News & Analysis

Is it a song? Is it ancient Latin? No! It's commonality between oil prices and metals!

Andrew Saks, Thursday, 22 April 2021

Magnesium, Vanadium, Chromium Palladium..

Nope. It’s not a 1970s song by amusing British a cappella quartet The King’s Singers, and its not a list of Roman amphitheaters.

These are metals and are classified as chemical elements. I once asked a scientist to define the differences between them, but I didn’t understand what the el-e-ment.

Once the tumbleweed stops blowing across the floor, we can move on to what these are and why they are significant.

Let’s look today at Palladium. It is a white metal, and has tremendous value in engineering and heavy industry.

Palladium is at a record high this week, having reached the lofty heights of $2897 yesterday evening, and now sitting at $2897 at close of business last night.

The white metal rallied as much as 5%, taking out the previous lifetime highs of $2,882 set earlier this year, as investors fretted that the supply deficit issue would likely worsen amid a rebound in demand from major car manufacturers.

Once again, oil demand is down as India's economy goes toward lockdown. India is the world's third largest importer of oil, hence this is bound to have an effect. There is an OPEC meeting on April 28 at which it was expected that an announcement on higher production would come about, however Russia, one of the largest producers of oil in the world, and a nation whose national economy relies on crude oil, is likely to keep production unchanged.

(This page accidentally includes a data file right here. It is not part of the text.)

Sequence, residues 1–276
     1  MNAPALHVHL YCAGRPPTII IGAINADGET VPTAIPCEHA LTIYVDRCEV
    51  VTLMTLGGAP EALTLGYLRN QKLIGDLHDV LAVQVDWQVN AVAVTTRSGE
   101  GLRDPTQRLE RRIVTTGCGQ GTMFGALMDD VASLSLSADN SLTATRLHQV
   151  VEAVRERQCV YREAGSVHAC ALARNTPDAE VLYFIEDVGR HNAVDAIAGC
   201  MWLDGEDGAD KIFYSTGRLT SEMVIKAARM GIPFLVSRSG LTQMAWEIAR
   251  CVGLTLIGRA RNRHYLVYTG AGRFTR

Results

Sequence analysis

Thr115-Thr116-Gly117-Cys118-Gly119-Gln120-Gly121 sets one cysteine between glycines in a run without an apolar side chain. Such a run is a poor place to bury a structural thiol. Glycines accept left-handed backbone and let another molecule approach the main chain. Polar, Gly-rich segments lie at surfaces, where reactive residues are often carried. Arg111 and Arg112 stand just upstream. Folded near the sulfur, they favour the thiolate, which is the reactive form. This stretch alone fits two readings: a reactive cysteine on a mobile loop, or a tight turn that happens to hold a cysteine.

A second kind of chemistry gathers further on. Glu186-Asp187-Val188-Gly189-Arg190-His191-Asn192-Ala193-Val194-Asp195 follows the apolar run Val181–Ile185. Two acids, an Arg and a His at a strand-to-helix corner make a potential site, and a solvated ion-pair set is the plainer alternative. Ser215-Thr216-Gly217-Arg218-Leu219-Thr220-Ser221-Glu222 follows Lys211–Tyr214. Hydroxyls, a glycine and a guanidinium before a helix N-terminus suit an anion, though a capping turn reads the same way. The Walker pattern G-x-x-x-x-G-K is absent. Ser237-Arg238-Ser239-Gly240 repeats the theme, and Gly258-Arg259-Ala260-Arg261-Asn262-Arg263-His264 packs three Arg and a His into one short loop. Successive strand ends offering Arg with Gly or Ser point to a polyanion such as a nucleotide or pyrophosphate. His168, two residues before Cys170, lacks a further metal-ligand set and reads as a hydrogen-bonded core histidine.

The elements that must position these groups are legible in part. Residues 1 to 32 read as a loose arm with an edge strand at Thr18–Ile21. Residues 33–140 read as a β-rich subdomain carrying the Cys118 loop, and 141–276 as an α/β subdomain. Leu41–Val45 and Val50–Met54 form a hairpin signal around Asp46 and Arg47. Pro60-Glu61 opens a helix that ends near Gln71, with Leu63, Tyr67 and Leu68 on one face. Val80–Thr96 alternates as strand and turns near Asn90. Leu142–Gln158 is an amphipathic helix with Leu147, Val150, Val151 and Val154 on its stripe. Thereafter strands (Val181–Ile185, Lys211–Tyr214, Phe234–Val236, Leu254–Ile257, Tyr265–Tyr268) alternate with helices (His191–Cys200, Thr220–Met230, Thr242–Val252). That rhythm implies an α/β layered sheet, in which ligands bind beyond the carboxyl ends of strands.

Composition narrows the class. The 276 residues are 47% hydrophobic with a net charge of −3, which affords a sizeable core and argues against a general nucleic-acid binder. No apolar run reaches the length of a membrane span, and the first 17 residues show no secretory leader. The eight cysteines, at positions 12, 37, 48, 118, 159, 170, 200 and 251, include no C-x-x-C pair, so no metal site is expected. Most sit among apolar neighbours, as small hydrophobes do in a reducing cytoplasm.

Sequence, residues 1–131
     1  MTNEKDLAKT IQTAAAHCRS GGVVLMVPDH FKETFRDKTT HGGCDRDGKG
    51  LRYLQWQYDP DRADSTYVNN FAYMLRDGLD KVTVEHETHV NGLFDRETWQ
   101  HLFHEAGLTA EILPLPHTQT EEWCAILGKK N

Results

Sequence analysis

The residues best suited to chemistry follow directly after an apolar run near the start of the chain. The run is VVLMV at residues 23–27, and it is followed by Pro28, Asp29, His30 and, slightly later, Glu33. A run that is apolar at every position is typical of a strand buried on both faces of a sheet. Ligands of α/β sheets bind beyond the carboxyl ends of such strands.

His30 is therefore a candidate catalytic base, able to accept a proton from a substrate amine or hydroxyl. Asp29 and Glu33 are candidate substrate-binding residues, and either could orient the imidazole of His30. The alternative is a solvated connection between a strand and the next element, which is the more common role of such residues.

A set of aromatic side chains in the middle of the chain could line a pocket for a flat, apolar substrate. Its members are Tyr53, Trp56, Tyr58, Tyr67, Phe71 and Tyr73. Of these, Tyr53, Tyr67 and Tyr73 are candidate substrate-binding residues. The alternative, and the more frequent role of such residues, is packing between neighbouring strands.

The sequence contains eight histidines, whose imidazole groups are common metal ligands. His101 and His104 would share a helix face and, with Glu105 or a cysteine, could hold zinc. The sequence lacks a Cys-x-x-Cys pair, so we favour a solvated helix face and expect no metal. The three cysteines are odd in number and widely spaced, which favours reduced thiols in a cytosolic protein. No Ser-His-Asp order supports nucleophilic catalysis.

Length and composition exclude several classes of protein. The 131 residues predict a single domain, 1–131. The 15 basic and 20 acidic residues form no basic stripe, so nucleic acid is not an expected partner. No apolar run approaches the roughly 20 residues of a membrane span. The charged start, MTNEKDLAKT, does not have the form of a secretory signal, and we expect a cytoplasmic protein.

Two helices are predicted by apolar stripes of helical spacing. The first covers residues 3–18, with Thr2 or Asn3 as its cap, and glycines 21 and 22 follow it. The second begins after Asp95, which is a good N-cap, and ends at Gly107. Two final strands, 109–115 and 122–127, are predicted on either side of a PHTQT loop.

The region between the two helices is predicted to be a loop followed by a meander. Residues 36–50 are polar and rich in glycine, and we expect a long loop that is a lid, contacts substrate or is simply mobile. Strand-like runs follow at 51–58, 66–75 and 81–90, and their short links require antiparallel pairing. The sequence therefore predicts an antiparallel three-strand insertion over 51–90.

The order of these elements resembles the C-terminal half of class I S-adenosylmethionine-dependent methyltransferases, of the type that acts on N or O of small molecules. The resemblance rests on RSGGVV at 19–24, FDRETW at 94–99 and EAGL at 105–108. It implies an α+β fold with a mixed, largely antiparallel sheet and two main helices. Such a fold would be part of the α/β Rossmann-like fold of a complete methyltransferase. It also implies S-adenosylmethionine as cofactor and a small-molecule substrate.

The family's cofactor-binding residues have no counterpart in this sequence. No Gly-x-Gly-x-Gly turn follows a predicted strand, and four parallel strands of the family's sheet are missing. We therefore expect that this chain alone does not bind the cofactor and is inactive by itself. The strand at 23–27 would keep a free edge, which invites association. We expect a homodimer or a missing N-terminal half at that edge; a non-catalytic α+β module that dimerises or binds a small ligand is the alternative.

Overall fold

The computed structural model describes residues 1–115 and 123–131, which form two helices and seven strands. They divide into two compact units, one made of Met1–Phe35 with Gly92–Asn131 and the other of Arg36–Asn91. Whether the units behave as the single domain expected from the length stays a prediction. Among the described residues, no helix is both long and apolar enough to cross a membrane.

Many analysts have given bearish signals this morning, even though global oil prices have been going up since April 5.

Its nations which are switching away from fossil fuels that are no longer the influencers of this raw commodity's price, but large nations in the APAC region with huge populations, hence the fall in value.

In the aforementioned Russia, the black stuff is king, because its extraction and refinement is one of the most important areas of the country’s raw materials-based economy, however in the West, the emphasis is on renewable energy, which has contributed to the lessening of demand for oil, and on electric cars, all of which have to be made light and safe, hence the use of quality metals such as Palladium, whereas in the East, internal combustion is being clung to rigidly.

There is, therefore, a relationship between oil demand, and Palladium demand.

As far as standard precious metals are concerned, Gold is up at $1799 with a lot of bullish opinions circulating. Perhaps those are buying gold who fear a global economic implosion given that half of Europe is back in lockdown. You can transport gold, but you can't transport a locked down local economy!

Precious metals are therefore as intrinsically linked to volatility caused by the demand within global industry that has differing features according to demand and regional focus.

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